Ah, new love. It's so amazing. Everyone's got the happy feels, and life couldn't be better... until something bad happens.
No matter how good relationships are, at the end of the day, love is a battlefield. Pat Benatar called it in the 80's.
Yes, we all bicker and argue about the little things, which is totally normal.
Each person has their own needs and desires, and things like Pizza vs. Thai can be an issue sometimes. But hey, no biggie.
Remember those happy feels we just talked about? Yes, being in love feels like you're floating on a cloud with a unicorn, all while munching on cotton candy.
And then, you have your first real fight.
It feels like someone's punched you in the throat and knocked the air out of you. Your gut is filled with doubt, and you feel like you're going to vomit.
Those really big fights are the worst. They're the ones that make you question why you chose to be with your partner. They're the fights that make you question your partner's values. They're the earth-shattering fights that make you wonder if you two will ever even make it. These are the fights that can potentially end your relationship.
These fights are especially terrifying if it's a couple's first big fight.
These early fights simplify things just a tad because it's easier to walk away when you haven't invested a ton of time. Realistically speaking, your foundation probably isn't strong and sturdy enough to withstand something so big just yet.
BUT, how you handle your first fight with your beau really sets the stage for all the fights you'll have in the course of your relationship.
If you really care about this person and are hoping for a happily-ever-after, here's what you need to keep in mind during your first fight:
The bottom line is: communication is key. If you forget to do this, your relationship will fail, no matter how many fights you end up making it through.
2. Seriously, don't panic.
Think things through. Making decisions while you feel emotional will not benefit you.
3. Pick your battles.
Again, take some time to think things through. Is this really a fight worth fighting? You two will have plenty of fights, so make them count.
4. Be respectful and kind to one another.
Always remember to do this. Starting any discussion with blame or shouting can lead to miscommunication and resentment: two of the worst possible things that can happen in a relationship.
Be kind. Only say what you mean, and try saying it without shattering your partner's spirit.
5. Express yourself.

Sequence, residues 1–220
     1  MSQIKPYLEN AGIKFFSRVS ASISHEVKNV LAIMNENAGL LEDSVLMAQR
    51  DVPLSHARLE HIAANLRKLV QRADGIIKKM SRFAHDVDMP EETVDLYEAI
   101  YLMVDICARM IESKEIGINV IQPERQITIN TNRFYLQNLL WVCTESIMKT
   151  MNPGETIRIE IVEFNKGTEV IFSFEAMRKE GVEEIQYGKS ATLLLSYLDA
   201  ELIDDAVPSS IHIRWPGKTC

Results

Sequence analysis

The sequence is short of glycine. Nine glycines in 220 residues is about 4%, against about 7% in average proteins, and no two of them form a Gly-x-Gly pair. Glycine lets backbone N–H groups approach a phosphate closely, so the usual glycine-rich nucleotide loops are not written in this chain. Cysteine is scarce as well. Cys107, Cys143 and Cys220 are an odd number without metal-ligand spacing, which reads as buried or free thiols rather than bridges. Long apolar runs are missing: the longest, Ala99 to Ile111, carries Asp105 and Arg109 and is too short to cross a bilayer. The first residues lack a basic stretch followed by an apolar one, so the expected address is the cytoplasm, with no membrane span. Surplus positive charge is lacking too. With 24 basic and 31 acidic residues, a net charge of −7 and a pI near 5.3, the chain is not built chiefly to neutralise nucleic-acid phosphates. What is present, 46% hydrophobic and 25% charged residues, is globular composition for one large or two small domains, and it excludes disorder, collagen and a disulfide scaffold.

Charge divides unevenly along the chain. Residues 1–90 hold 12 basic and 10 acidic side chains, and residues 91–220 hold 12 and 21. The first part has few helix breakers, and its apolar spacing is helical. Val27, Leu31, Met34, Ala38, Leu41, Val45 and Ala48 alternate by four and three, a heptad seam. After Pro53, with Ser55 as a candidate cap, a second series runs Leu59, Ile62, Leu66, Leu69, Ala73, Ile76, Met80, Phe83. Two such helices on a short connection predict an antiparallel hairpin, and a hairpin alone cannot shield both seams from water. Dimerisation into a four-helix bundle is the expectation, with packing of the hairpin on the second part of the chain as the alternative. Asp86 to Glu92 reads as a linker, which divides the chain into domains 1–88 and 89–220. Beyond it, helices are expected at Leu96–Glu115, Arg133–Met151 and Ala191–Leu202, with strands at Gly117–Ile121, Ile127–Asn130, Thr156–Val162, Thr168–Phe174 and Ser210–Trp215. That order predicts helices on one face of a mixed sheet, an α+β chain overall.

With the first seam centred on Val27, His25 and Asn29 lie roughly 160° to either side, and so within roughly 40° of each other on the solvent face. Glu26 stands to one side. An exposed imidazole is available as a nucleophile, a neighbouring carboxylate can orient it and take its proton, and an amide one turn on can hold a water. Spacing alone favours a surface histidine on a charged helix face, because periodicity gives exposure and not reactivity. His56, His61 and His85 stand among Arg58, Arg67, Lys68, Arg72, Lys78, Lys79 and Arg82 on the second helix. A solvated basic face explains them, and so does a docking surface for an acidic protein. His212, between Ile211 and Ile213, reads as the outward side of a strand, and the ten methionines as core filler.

Use "I" instead of "you" when you describe how you feel. This allows you to take responsibility for your thoughts and emotions. It eliminates blame.
For example, "I feel that sometimes you don't understand what I'm saying" is much less destructive than just saying, "You don't understand what I'm saying."
6. Take the time to listen to your partner.
This is crucial. Allow them to share their perspective.
Many times fights and arguments are caused because of misperception or misunderstanding. Really take the time to listen; it may save you a lot of hurt and wasted energy.
7. Validate your partner's feelings. Don't dismiss them.
Sometimes it is hard to see things from another person's perspective. Even if you don't agree with their opinion, respect where they are coming from and acknowledge that you heard them.
8. Make sure your partner understands why you're actually upset, and vice versa.
Sometimes fights can be easily resolved if the root cause is clear.
At first, it may not be easy to figure out what is causing you or your partner to feel upset. But if you take time to listen and share your perspective, the problem will become clearer.
9. Discuss what's important to you.
If you and your partner don't understand why the issue is an issue, then you need to have a discussion about what is important to you.
This may be a good time to also talk about what things are not acceptable to you.
10. Talk about what needs to happen to make things better.
How will you stop this from happening again? Make a list of things you can each do. Check each other's lists often and make sure those things are still happening.
Encourage one another, and try to make it fun. You will thank each other later.
11. Don't walk away or hang up while you're still upset.
Take the time to make things right. This will show your partner that you are committed, and also that you value them and your relationship.
Plus, who likes going to bed angry? I sure as hell don't…
12. Hug it out.
Physical contact can reconnect couples and create feelings of support and love. It can also help you remember why you care about your partner so much.